In Ericsson Inc. v. Intellectual Ventures I LLC, the Court of Appeals for the Federal Circuit vacated and remanded a final written decision of the Patent Trial and Appeal Board (“the Board”) because the Board erred in not considering portions of Ericsson’s Reply regarding new claim constructions adopted by the Board after institution. — F.3d —-, slip op. (Fed. Cir. Aug. 27, 2018).

Ericsson petitioned for IPR of a patent owned by Intellectual Ventures directed to increasing the reliability of wireless communications by minimizing the effects of burst errors and nulls through a coding technique known as interleaving. Id. 2-3.  Although the patent expired prior to the filing of Ericsson’s petition for IPR, Ericsson proposed constructions for various terms under the broadest reasonable interpretation standard rather than the Phillips standard. Id. at 7.

In its decision to institute IPR, the Board construed certain terms under the broadest reasonable interpretation standard even though neither party requested construction of those specific terms. Id.  After institution, Intellectual Ventures argued for the first time in its Patent Owner Response that the claims must be construed under the Phillips standard and proposed unopposed constructions under the Phillips standard. Id. at 8.  After adopting the new constructions, the Board revisited whether the combination of the prior art taught interleaving as disclosed in the patent. Id.  In its Reply, Ericsson discussed how interleaving was known in the prior art and argued that the differences under the narrower Phillips construction would have been “insubstantial at best” to a person of ordinary skill, given that interleaving was known in the art. Id. at 8-9.

In its Final Written Decision, the Board relied entirely on Intellectual Ventures’ construction and found that Ericsson had not proven that the challenged claims were obvious in light of the prior art. Id. at 8.  In doing so, the Board rejected the portions of Ericsson’s Reply that addressed the new claim constructions, holding that it “was a new theory beyond the scope of a proper reply as defined in 37 C.F.R. §42.23(b).” Id. at 9.  The Board further stated that “the reply is not an opportunity for Petitioner to identify, for the first time, new and different prior art elements that are alleged to satisfy the claim requirements,” and declined to consider portions of Ericsson’s Reply. Id.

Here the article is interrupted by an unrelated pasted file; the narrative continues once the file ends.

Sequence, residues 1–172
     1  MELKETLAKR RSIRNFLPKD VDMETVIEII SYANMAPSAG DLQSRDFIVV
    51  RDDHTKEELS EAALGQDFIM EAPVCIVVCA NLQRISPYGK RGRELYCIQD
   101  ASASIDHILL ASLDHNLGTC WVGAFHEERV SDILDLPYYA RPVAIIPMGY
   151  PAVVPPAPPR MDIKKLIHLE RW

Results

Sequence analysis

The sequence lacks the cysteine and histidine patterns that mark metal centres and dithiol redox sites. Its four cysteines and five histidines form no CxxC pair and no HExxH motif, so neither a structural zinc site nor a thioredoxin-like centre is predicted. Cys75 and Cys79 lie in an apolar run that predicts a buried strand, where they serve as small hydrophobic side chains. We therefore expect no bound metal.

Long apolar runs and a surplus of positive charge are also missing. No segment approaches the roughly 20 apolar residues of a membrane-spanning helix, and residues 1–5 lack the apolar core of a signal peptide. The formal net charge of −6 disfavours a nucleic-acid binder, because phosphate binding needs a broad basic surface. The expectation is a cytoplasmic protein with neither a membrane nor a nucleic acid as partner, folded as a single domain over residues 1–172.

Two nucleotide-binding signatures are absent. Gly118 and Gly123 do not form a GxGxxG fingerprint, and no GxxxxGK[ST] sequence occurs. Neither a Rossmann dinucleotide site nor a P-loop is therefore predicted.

The Federal Circuit held that, given the admissions within the patent itself, the arguments raised in the petition, and the Board’s own evolving interpretation of the claims, the Board’s decision not to consider portions of Ericsson’s Reply was erroneous. Id. at 10-11.  Since the patent acknowledged that interleaving was known in the art, the court stated that Ericsson was entitled to argue in its reply that the distinction in the specific type of interleaving between the prior art and the patent would have been insubstantial to a person of ordinary skill in the art. Id. at 11. The court noted that the “error was exacerbated by the fact that the significance of interleaving arose after the Petition was filed” because the Board adopted a different claim construction after institution was granted. Id.  Because the new construction regarding “interleaving” formed an essential basis for the Board’s decision, the court held that Ericsson should have been given an opportunity to respond. Id. (citing 5 U.S.C. § 554(b)(3), (c)).

This case shows that the Board must consider arguments in a petitioner’s reply that expand upon the same arguments made in the petition and that are necessary to address claim construction issues arising after the institution decision.